(A) Growth curves of C. puniceum wild-type and ΔclrA strains in P2 media (fermenter) under anaerobic and aerobic (pO2 40%) conditions. Data are means ± SD. (B) Summarized results from live/dead flow cytometric assays [BacLight stain (ThermoFisher), FACS plots, and gating strategy for live/dead cell stain] of C. puniceum strains after 4 days of incubation on potato slices under aerobic conditions. Potato slices were inoculated with 2 × 108 cells of wild type, mutant, or chemically complemented mutant (solutions of 1 or 2). Five independent FACS experiments consisted of five biological replicates. *P < 0.001 (Bonferroni’s means comparison test, one-way ANOVA). Data are means ± SD. (C) Confocal fluorescence microscope image of dead ΔclrA cells (red, live/dead BacLight stain) recovered after 4 days of incubation on potato slices under aerobic conditions. (D to G) SEM images of C. puniceum cells from inoculated tubers after 2 days of incubation under aerobic conditions. (D) Wild type. (E) ΔclrA mutant; arrowhead highlights sporulating cell. (F) and (G) Chemically complemented mutant (with 1 and 2, respectively). Scale bars, 2 μm.

To investigate the impact of the polyphenols in the context of infection, we quantified live and dead cells in the potato infection assay using the plant pathogen. We recovered the bacterial lawns of the wild type, mutant, and chemically complemented mutant of C. puniceum from the infected potato slices and subjected them to live/dead staining followed by fluorescence-activated cell sorter (FACS) analysis (Fig. 3B and fig. S10). In the absence of oxygen, similar ratios of living cells were detected in wild-type (97% live) and mutant (90.4% live) cultures. In the presence of oxygen, the situation was markedly different. Whereas 57% of the wild-type cells survived, no living cells of the ΔclrA mutant could be detected. Indeed, it was not even possible to recover the appropriate number of mutant cells required for FACS analysis (1 × 106 cells ml−1). Live/dead staining followed by fluorescence imaging revealed that all ΔclrA mutant cells were dead (Fig. 3C). However, chemical complementation of the mutant with clostrubins restored the viability (44 to 59% living cells). The impact of clostrubin on survival was evident within 2 days of inoculation under aerobic conditions. Scanning electron microscopy (SEM) showed differences between the wild type and the ΔclrA mutant cells, most of which were distinct from vegetative cells (Fig. 3, D to G). Again, chemically complemented mutants were similar to the wild type.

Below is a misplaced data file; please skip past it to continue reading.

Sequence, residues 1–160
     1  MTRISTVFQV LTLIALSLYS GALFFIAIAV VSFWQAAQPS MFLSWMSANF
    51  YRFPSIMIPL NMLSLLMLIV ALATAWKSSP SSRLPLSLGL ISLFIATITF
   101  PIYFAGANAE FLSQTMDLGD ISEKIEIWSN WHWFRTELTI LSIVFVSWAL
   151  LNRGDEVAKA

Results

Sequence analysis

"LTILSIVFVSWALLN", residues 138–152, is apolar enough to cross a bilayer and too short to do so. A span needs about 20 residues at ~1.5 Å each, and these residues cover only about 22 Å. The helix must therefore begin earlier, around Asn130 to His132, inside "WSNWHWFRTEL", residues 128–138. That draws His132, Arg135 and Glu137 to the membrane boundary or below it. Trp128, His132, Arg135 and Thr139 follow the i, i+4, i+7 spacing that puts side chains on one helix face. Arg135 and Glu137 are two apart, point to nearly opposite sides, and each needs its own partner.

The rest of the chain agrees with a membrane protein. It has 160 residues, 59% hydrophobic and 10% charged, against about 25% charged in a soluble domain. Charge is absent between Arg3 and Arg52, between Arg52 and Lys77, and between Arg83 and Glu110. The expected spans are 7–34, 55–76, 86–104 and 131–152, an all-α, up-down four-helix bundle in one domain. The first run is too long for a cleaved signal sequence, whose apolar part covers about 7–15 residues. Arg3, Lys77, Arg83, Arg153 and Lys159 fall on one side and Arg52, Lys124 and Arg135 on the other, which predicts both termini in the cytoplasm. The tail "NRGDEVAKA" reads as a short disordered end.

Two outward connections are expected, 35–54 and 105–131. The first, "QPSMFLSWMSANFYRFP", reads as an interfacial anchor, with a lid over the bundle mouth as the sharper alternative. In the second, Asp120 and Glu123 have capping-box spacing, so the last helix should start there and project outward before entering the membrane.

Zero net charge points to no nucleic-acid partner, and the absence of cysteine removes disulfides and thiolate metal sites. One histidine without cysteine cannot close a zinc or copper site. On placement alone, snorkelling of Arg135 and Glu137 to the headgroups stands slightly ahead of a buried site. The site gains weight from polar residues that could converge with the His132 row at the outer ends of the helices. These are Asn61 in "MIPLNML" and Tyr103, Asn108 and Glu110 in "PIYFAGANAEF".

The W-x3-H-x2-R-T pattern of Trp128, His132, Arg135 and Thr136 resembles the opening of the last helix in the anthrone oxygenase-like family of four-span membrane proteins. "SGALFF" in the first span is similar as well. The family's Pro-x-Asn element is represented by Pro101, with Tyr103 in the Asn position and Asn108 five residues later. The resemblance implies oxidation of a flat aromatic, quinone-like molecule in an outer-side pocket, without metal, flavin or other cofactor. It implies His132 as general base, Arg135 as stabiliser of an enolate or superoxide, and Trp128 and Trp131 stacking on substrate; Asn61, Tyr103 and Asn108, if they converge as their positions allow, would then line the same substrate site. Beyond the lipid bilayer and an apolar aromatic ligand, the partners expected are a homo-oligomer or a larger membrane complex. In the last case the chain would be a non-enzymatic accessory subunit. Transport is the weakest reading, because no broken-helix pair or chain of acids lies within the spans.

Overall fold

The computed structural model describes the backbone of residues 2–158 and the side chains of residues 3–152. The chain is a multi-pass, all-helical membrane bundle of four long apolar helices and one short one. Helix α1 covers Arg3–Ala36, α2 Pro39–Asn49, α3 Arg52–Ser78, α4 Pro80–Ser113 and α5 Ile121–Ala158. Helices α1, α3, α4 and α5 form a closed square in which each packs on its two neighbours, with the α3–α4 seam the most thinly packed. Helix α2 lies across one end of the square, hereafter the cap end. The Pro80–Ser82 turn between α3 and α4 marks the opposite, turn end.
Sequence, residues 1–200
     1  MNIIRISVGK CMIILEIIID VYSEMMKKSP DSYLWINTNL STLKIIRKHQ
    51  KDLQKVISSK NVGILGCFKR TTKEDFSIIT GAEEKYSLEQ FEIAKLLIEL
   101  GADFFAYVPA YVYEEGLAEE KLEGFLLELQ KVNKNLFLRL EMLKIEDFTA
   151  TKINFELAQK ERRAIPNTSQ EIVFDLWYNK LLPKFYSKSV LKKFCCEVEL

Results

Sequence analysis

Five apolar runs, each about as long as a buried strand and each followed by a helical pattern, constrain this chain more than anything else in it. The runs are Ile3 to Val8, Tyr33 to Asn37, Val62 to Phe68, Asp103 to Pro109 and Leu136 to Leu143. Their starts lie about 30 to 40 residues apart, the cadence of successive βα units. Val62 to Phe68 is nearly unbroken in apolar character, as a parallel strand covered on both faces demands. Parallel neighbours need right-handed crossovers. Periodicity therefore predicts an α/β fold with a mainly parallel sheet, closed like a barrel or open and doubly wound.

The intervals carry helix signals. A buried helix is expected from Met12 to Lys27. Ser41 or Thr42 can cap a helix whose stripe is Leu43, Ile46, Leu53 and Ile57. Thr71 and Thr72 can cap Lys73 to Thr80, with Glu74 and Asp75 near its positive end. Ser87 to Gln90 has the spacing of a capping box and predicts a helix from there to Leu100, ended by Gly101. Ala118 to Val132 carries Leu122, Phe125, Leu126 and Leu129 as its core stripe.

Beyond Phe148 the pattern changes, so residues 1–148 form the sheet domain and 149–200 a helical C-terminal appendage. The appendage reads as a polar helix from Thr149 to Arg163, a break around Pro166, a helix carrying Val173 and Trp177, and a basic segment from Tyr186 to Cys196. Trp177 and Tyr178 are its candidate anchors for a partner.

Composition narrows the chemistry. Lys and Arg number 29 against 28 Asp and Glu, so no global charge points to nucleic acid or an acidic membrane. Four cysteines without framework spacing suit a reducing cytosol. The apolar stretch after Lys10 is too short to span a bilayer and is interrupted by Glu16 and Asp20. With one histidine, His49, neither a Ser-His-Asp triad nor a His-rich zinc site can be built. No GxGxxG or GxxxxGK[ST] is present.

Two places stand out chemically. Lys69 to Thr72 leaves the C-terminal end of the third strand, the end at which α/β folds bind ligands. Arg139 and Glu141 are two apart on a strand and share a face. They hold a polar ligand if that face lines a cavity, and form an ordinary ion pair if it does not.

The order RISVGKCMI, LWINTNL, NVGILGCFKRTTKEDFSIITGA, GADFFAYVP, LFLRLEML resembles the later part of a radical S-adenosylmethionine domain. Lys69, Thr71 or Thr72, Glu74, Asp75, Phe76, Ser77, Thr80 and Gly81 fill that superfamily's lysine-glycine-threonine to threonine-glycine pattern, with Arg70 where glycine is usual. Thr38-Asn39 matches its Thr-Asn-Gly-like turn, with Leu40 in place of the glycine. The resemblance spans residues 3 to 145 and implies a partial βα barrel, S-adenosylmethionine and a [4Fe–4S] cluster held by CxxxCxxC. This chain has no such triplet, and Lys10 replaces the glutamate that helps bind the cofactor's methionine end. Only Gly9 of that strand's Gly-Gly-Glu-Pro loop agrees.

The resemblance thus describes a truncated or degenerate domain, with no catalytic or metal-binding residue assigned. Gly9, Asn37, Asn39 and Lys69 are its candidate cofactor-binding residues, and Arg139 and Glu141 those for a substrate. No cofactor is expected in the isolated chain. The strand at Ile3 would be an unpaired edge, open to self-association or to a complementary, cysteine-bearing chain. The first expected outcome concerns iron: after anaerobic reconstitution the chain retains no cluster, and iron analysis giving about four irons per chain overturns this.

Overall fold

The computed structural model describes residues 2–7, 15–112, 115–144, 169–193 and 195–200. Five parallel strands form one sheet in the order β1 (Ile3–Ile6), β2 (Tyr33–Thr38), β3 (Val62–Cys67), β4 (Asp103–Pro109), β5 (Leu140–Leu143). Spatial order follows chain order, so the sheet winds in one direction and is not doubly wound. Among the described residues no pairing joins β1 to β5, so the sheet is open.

It would be conceivable that clostrubins interfere with the plant wound response, which involves the generation of hydrogen peroxide. Under anoxic conditions, H2O2 would not be generated, thus explaining why clostrubins are expendable under this condition. However, this scenario is unlikely because clostrubin is essential for bacterial survival in synthetic liquid medium (Fig. 3A) and on autoclaved potato infusion agar (Fig. 4A). We also tested whether hydrogen peroxide affects the growth of the wild type and/or mutant, but no significant difference in growth between the wild type and mutant was observed (Fig. 4B). Thus, the effect of clostrubin cannot be attributed to inactivating ROS formed in the context of plant defense mechanisms. Furthermore, an established assay [2,2-diphenyl-1-picrylhydrazyl (DPPH)] for testing radical scavengers was negative for clostrubin. Other standardized ROS assays were infeasible for clostrubin because of the interference of the absorption spectrum with the colorimetric assay methods. As an alternative, we performed functional profiling using a range of antioxidants that cover diverse ROS-scavenging activities (Fig. 4C). All compounds were tested for their ability to complement the effect of clostrubin. We supplemented antioxidants to potato tubers inoculated with the ΔclrA mutant; cell growth was determined by the bacterial pectolytic activity. We found that vitamin C and cysteine complementation were most similar to the effect of clostrubin. In contrast, uric acid and tocopherol proved to be less potent. At present, it is unclear exactly how clostrubin functions in its antioxidant capacity, and the next challenge for this work is to solve the mechanism of clostrubin action.